Luckily we were past the boulders when total darkness came. We stopped for a while to don our headlamps before proceeding. Our guide instructed us that from here on, it'll all be pure ascent and we had to be very careful with our each step because we might not see it at the time but one wrong step could lead to a nasty fall. Everyone knows there are only two outcomes - either you make it or you don't. I shudder at the thought.
It was getting extra chilly and we were all tired from a full day of ascending that we couldn't help on pestering our guide if we were there yet haha. At past 8 in the evening, we finally reached the summit camp. I've never been happier to see our sherpas' tent (they made an advance ascent so they could prepare dinner earlier).
JC and I set up our tent in the quickest possible time so we could finally warm our cold arses off and rest our tired bodies. I was so close to skipping dinner but then realised that I was actually starving. Plus I needed all the energy food I could get inside my belly for tomorrow's descent. We had a ninja dinner before dozing off. I remember the insane cold that woke me in the middle of the night. My body/brain was too tired to care so I apparently just slid my feet inside my pack and went back to sleep. I didn't even come out to take a pee. Ha!
Morning finally came. After breaking our fast (yes I finally got to use that phrase from master storyteller George RR Martin!), we all trooped to the summit.
God was so good because He gave us a clearing to see this.
Rooftop of Pinas, yo!
From the summit, we had a clear view of Mt. Talomo's peak.
We took a short trek back to where we came from last night to catch a view of Mt. Apo's crater. Ooh!
I feasted with these plump mountain berries!
After breaking camp, we made our way down to Lake Venado where we also had our lunch. Further away from the summit, closer to civilisation. It might seem near from we stood but still it took us about 2 hours to reach the lake.
After a short rest in Venado we were back on the trail. It felt like we were in a movie. Walking on a swamp-like area and climbing down a few, not so easy 90-degree slopes (no joke!). Kahit gano ka kaingat na huwag lumubog sa putikan, lulubog at lulubog ka rin :)).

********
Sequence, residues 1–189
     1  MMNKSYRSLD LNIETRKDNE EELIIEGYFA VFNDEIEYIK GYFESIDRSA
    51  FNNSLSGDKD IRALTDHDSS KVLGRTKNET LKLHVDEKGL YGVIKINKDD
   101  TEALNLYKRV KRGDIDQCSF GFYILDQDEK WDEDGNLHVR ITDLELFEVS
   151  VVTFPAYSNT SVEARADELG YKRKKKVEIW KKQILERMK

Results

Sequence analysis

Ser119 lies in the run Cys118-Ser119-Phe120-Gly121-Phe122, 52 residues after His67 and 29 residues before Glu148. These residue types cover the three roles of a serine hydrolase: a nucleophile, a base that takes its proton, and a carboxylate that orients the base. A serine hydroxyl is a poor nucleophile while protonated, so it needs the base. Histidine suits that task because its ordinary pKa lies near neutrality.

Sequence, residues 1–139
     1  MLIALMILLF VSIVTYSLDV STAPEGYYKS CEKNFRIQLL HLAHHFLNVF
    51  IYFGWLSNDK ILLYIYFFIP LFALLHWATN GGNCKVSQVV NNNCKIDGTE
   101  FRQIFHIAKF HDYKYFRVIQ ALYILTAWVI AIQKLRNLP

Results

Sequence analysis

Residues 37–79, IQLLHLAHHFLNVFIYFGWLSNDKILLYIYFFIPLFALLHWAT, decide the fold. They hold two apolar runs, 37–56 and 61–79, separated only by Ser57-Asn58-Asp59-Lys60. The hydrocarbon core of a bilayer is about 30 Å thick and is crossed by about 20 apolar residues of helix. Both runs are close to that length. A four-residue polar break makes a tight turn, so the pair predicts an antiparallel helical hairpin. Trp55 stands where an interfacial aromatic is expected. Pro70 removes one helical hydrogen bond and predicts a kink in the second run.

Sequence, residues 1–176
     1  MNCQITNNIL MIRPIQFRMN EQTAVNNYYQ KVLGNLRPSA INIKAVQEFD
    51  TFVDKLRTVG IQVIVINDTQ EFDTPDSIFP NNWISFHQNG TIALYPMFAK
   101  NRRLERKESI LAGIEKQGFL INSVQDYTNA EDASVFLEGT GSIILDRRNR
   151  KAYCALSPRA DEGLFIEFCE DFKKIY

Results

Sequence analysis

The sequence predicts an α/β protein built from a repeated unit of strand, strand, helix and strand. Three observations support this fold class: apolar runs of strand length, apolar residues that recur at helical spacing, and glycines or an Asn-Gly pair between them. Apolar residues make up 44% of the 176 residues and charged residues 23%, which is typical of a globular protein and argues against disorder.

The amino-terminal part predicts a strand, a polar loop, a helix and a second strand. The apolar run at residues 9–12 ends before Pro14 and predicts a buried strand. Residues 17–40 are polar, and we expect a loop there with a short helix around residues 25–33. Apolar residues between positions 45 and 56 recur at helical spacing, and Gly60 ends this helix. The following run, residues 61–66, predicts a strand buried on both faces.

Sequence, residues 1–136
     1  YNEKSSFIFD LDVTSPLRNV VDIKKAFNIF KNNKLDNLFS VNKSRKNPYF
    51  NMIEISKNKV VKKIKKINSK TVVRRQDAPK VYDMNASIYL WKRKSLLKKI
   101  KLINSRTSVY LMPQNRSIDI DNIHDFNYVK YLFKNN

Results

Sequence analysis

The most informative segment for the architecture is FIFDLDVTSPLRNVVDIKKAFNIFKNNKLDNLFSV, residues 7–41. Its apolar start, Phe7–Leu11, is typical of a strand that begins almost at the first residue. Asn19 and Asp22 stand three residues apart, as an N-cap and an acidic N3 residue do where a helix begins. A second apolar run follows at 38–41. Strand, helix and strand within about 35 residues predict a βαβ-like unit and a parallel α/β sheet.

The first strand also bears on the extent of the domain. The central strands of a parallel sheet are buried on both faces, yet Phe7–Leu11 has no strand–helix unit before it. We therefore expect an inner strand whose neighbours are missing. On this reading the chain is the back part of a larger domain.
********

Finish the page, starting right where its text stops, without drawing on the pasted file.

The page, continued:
View of Lake Venado from above
After Venado, I never got a chance to take out my camera . It was getting late and we were crossing several rivers so it wouldn't really be appropriate (and wise) to waste time taking photos when lives were at risk. We had to be mindful with our each step, nobody wants to be a liability.
The last few hours were physically and mentally draining. My knees were literally folding, I was so close to giving up I had to mentally convince myself that it won't be long now, that the road will come to view and we could finally rest.
At past 9 in the evening we finally found the concrete road. Although there were really no houses, just a road that stretches out into who knows where, I've never been so relieved to see the highway. It was pitch dark yet I can clearly remember a sky dotted with too many stars it's unbelievable. After 30 more minutes of walking, we finally got to our "resort hotel" na fully booked naman so tent pa rin ang bagsak namin haha. I've never been happier to see a television, working electricity, sari sari store, people in general. Never been happier to kick my shoes off and lay my feet on a makeshift rest chair. I offered a silent prayer of thanks that we didn't have unfortunate events throughout the process, that everyone made it to Lake Agko safely. I made it to and out of Apo safely. Now that's an achievement.
Kidapawan sidetrip on our way back to Davao City.